The Scientific Reasons Why You Might Not Get Pregnant
Twelve percent of all women will have problems getting or staying pregnant.
Posted Jul 24, 2019
So you and your partner have decided to take the plunge into parenthood. You’ve embraced a healthier lifestyle, said goodbye to birth control, and read every fertility blog and book out there to help your chances of getting pregnant.
All going well, most couples will take an average of six to 12 months to become pregnant. However, approximately 12 percent of all women between the ages of 18 and 44 will have problems getting or staying pregnant.
Regardless of when you decide to get pregnant, it’s important to begin preparing your body before you toss your birth control. This includes establishing healthy habits and becoming more familiar with how your habits affect your ability to have children.
- Maintain a healthy weight. Women who are obese may take twice as long to become pregnant, and underweight women four times longer, than women at a healthy weight.
- Quit smoking. Smoking can increase your risk of infertility by 60 percent.
- Avoid alcohol. Two or more drinks a day can increase your risk of infertility by 60 percent.
- Reduce your caffeine intake and keep away from illegal drugs, including marijuana.
One of the most common reasons women are unable to get or stay pregnant, of course, is physical. If you’re not ovulating, have blocked fallopian tubes, or your partner has fertility issues, you may need surgery or medication. However, other lifestyle issues, including weight, overall health, and stress, can also play a role.
That’s where integrative medicine comes in. Many couples turn to complementary and alternative medicine to address their infertility. One study of eight infertility practices involving 428 couples found that a third had used some form of complementary and alternative to treat infertility, including acupuncture, herbal therapy, bodywork, such as chiropractic or massage, and meditation.
Integrative medicine approaches are particularly effective in reducing stress, which can impact conception. Acupuncture, massage, meditation, deep breathing and other relaxation techniques can reduce the stress associated with getting pregnant and, possibly, improve the chance of conceiving.
Certain supplements may also help with conception, including chaste berry and large doses (750 mg/day) of vitamin C. It is also important to start taking prenatal vitamins. You don’t have to wait until a positive pregnancy test. Consider taking folic acid and B vitamins before you start trying to get pregnant. It is important that you discuss any supplements you’re taking with your healthcare provider.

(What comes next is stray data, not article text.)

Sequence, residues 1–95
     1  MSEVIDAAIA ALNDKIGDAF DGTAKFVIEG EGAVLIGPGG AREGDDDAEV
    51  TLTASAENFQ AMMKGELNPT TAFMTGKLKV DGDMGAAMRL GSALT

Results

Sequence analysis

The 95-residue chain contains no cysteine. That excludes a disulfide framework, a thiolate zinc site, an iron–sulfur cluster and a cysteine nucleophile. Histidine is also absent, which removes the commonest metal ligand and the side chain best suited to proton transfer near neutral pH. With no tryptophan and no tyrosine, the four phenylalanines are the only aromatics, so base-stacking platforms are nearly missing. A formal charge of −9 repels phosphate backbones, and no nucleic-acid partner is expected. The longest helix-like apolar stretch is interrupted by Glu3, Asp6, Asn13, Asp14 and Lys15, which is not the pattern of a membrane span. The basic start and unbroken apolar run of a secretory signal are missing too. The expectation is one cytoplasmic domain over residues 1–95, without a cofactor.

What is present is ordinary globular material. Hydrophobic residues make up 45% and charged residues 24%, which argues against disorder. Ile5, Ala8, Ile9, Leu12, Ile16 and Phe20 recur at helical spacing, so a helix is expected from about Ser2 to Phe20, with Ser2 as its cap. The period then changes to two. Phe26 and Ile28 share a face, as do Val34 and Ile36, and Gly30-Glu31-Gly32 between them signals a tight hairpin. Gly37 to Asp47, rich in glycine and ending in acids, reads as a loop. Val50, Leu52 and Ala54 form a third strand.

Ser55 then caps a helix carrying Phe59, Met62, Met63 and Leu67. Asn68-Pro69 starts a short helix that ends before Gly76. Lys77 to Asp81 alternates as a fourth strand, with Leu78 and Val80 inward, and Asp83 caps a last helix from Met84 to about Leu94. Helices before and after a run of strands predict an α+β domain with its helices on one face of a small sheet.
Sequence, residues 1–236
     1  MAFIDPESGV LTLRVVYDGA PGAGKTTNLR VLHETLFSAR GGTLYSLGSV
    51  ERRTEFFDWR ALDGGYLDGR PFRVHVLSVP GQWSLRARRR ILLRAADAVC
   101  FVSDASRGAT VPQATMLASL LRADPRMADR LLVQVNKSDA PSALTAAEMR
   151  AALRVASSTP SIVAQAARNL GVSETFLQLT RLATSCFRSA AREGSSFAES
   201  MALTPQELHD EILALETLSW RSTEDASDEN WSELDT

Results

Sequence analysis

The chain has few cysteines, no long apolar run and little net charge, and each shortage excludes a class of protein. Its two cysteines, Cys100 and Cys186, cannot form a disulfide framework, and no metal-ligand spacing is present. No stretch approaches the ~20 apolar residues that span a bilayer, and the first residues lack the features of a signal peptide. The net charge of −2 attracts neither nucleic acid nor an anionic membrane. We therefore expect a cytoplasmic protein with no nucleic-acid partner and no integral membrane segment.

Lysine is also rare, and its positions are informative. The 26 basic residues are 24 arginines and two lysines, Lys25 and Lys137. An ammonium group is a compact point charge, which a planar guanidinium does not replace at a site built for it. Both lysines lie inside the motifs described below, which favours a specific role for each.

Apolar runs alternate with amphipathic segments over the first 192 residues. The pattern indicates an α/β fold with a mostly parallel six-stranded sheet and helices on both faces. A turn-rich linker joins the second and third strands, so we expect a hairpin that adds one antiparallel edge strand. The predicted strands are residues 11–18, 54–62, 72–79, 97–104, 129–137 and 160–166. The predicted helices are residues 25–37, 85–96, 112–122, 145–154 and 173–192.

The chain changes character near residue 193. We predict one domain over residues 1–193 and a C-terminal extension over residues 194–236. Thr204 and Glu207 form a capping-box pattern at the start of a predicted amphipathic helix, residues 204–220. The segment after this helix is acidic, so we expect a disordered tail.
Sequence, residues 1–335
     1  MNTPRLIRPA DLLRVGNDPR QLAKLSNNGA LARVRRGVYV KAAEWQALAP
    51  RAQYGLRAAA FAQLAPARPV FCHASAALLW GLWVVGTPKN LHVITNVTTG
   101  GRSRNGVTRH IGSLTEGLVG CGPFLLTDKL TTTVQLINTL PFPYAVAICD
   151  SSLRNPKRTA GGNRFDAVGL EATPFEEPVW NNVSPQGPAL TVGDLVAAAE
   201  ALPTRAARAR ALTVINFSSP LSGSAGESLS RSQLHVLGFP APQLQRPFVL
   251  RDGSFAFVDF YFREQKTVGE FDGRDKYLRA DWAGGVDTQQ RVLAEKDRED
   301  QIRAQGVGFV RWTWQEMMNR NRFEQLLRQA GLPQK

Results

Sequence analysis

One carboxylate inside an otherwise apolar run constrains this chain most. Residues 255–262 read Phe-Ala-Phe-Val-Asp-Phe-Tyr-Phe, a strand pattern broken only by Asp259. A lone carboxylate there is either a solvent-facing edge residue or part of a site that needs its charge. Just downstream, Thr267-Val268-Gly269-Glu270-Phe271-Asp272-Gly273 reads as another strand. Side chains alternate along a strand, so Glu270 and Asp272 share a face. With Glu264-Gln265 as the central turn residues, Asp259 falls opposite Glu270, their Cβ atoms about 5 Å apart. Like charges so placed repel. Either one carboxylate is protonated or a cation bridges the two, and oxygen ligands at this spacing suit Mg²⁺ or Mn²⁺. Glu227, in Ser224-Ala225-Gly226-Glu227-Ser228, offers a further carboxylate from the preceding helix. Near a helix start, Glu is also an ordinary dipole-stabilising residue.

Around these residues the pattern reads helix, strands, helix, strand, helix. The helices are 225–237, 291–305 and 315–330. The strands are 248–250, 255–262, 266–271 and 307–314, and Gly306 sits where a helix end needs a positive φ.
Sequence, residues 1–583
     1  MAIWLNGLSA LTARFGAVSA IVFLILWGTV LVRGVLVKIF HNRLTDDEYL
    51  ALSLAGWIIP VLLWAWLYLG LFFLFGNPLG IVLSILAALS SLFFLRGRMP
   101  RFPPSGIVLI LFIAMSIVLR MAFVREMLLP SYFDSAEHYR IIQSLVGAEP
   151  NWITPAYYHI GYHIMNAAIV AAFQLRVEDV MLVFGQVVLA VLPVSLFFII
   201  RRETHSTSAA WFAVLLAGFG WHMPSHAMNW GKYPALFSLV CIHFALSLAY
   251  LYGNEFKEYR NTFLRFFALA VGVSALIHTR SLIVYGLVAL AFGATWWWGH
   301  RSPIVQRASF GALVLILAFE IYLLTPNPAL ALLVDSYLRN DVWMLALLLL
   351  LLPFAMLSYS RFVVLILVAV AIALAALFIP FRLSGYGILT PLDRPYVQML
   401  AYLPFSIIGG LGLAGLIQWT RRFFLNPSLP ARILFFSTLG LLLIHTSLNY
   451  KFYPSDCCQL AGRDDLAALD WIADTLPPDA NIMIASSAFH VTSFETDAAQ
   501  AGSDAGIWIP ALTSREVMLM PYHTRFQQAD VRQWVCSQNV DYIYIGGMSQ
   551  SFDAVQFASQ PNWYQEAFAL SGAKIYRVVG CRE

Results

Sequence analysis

Infertility and Integrated Medicine
Over the past 20 years, reproductive specialists have come to understand the importance of the mind/body connection on fertility and begun integrating complementary and alternative medicines, including meditation, Reiki, massage, nutritional support, yoga, and acupuncture, into their medical practices or partnering with integrative medicine specialists.
Many infertile couples turn to assisted reproductive techniques in the hope of conceiving. These may include fertility drugs, artificial insemination, or in-vitro fertilization (IVF), in which the egg and sperm are fertilized in the laboratory and the embryo transferred to the woman. About a third of all IVF attempts in the US result in a live birth.
There is some evidence that certain integrative approaches may improve the likelihood of success in IVF. For instance, a review of several high-quality studies on the effects of acupuncture during fertility treatment found improvements in female and male infertility, as well as mental health.
Another study found that giving acupuncture on the day of the embryo transfer increased the likelihood of pregnancy.
We don’t know what’s behind the effects, but theories suggest acupuncture may stimulate the release of certain brain chemicals related to reproduction; promote blood flow to the uterus; increase the number of egg follicles available for women undergoing IVF, and reduce stress and anxiety.
When You’re Pregnant
Pregnancy is not all glowing skin and joy. It can be a nine-month slog through nausea, heartburn, back pain, and insomnia. So it’s not surprising that an Australian study of 1,835 pregnant women found that nearly half used some type of complementary and alternative approach (other than vitamins and minerals) during their pregnancy. A similar study in American women found that 37 percent of pregnant women used some form of complementary and alternative medicine, and 28 percent of women who had just given birth.
The most common were mind-body practices, such as meditation, yoga, and stress management classes. However, more than half of pregnant women using complementary and alternative medicine didn’t tell their physicians. That’s a mistake. If your doctor, whether traditional or integrative, is going to provide you with the best care, they need to know everything about your health and habits.